— An excerpt from the novel that I’m working on (click here for more details). Describing the children lost and forgotten within Child Protective Services.—
A shadow serves the essential purpose of confirming that an object exists and is firmly planted in reality. You see, something that doesn’t cast a shadow can’t be real.
But most people don’t doubt the reality that contains them. They accept what is around them as fact, concrete and solid. They are so firmly grounded in that acceptance that they don’t even spare a moment to think about it. They just go about their day and the authenticity of their world goes without saying: home, bed, bathroom, clothes, breakfast, vehicle, roads, office, building, home. No need to check that these things are there, they just are, as they always are and always will be every day, as people carry on about their lives.
In the same way people don’t take a moment to reaffirm the existence of the objects in their lives, they don’t look at a shadow twice. Most don’t even spare it that first glance, unless it creeps up on them unawares, thrown off at how quickly the sun had moved and time had passed.
Shadows are just there.
They were shadows. They were cast and forgotten. Their poor existence served as a counterbalance for those who were better off: for each one who lived a terrible life, it confirmed that there must be someone out there who had a better one. For there is no woe if there is no joy.
Any sense of belonging that they felt was temporary. They were bounced around from home to home where most people couldn’t care less about their well being as they passed through, so long as the government sent the accompanying check with the custody of the minor. Ironically, it was that same money that they awaited to receive that was meant to assure that child’s well being.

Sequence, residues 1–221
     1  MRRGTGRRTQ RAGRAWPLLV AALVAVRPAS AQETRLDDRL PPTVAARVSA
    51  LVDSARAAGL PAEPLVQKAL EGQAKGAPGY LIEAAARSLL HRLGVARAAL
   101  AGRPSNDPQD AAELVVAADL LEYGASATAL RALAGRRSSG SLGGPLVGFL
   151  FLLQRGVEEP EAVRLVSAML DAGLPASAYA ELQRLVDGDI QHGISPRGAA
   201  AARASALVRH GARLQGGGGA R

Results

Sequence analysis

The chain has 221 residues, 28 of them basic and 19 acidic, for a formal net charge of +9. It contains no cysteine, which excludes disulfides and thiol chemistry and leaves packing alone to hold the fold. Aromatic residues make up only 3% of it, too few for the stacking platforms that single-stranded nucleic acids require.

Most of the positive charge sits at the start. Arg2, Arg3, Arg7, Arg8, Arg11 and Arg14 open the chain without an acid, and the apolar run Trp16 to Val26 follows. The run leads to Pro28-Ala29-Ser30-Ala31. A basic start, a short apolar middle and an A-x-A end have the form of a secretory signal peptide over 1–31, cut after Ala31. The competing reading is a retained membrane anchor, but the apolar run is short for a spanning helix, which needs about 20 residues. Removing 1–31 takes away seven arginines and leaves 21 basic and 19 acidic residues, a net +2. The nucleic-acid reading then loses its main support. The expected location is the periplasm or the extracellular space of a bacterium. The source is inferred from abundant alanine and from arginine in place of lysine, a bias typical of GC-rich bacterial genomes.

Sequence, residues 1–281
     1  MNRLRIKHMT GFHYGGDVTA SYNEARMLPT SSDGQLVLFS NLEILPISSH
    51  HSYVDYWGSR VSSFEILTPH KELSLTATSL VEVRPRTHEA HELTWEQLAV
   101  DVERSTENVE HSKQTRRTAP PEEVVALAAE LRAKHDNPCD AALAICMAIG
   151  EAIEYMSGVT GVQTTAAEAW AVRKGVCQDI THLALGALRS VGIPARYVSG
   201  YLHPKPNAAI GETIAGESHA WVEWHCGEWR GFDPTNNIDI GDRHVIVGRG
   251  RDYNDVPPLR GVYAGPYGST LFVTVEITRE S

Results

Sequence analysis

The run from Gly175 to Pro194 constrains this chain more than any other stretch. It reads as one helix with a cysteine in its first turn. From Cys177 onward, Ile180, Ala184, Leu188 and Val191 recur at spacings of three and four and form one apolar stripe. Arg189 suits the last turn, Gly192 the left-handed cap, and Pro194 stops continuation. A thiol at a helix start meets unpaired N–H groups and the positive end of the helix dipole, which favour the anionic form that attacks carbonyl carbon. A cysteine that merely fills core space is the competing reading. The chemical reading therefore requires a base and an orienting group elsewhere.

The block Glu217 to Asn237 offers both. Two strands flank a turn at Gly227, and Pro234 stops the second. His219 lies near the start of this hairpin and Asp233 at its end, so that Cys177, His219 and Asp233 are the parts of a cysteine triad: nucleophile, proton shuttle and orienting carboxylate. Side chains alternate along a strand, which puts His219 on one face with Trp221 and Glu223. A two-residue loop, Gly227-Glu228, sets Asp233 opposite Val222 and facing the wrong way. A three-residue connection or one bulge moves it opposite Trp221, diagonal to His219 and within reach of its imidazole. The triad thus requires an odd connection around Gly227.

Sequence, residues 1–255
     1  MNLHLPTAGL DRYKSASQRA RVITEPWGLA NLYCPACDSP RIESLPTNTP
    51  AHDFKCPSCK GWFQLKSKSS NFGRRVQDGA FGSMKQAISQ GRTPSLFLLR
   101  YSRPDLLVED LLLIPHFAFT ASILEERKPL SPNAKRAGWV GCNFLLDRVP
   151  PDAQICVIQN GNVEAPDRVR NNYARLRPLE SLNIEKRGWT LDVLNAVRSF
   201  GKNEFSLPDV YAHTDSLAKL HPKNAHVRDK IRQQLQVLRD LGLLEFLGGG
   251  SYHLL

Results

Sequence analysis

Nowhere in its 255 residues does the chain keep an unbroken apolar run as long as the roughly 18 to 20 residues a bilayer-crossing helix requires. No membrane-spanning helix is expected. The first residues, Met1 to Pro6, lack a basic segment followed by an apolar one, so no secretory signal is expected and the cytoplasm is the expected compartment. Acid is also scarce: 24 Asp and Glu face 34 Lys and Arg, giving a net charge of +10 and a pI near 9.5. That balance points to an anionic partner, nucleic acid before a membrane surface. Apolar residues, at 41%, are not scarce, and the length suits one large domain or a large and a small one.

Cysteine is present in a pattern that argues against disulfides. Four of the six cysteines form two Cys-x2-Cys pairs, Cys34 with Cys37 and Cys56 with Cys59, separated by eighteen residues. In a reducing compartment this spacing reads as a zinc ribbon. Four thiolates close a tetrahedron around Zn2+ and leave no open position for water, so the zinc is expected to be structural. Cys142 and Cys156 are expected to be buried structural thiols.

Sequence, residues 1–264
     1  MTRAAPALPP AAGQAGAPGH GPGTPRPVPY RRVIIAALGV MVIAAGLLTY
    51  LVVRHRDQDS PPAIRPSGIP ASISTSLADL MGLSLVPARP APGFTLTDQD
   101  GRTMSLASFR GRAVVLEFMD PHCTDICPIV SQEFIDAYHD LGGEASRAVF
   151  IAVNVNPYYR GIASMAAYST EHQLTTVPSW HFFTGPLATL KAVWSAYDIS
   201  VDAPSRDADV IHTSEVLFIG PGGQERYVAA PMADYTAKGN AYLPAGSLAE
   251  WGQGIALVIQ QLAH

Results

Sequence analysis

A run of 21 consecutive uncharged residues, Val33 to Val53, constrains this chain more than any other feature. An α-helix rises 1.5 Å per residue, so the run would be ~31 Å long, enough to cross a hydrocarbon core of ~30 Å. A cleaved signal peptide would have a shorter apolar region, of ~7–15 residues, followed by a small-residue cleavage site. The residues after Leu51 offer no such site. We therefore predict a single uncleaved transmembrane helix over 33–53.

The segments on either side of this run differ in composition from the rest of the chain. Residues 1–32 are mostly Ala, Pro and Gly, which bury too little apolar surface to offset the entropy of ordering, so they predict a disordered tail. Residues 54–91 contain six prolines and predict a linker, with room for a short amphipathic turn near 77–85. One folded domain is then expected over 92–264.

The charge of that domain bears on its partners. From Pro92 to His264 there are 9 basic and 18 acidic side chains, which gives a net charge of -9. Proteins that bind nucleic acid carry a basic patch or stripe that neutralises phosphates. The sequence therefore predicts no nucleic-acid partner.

The younger or newer ones that were introduced into the machine that was the Child Protective Agency were too naïve and were too often taken advantage of, violated, brutalized and mistreated by those they trusted too hastily. Throughout the years, the older ones would develop tough exteriors and a tendency to rebel against authority. They were often labeled as lost causes, those judging them not knowing that they only acted with self-preservation in mind, however misguided they seemed. Their innocence had been ravaged and they had been abused too many times to let another in so easily, even the few who had good intentions. How do you make yourself vulnerable and credulous when you were so often betrayed?
So, it was not uncommon for them to lie, steal, and distrust all except one another. When held in the shelters and detention centers, they found solace in the company of their temporarily shared and unsure journey to either a permanent home or legal adulthood: whichever came first. When the going got tough, it was not uncommon for them to run away and to fall off the grid, taking their chances with a life out on the streets of whatever European city they could get to with the amount least hassle. Some times, the only thing they would have to their name was a bottle of cheap, harsh liquor, stolen or otherwise illegally obtained, passed around a half circle of them to keep the cold away.
They were the begging faces on the streets, looking so young, yet so worn and aged. They were the dangerous looking wayward youths that made strangers clasp their purse a bit tighter as they passed by on the underground stairway. They were often the lost souls that wandered the streets intoxicated to numb the pain and forget their worries as judging onlookers shook their head.
They were the shadows of the normal lives that most take for granted, the shadows that were forgotten until they crept up unawares.
But just as quickly as most past them by, they are forgotten. And life went on regardless of whether that moment was taken to remember that they existed.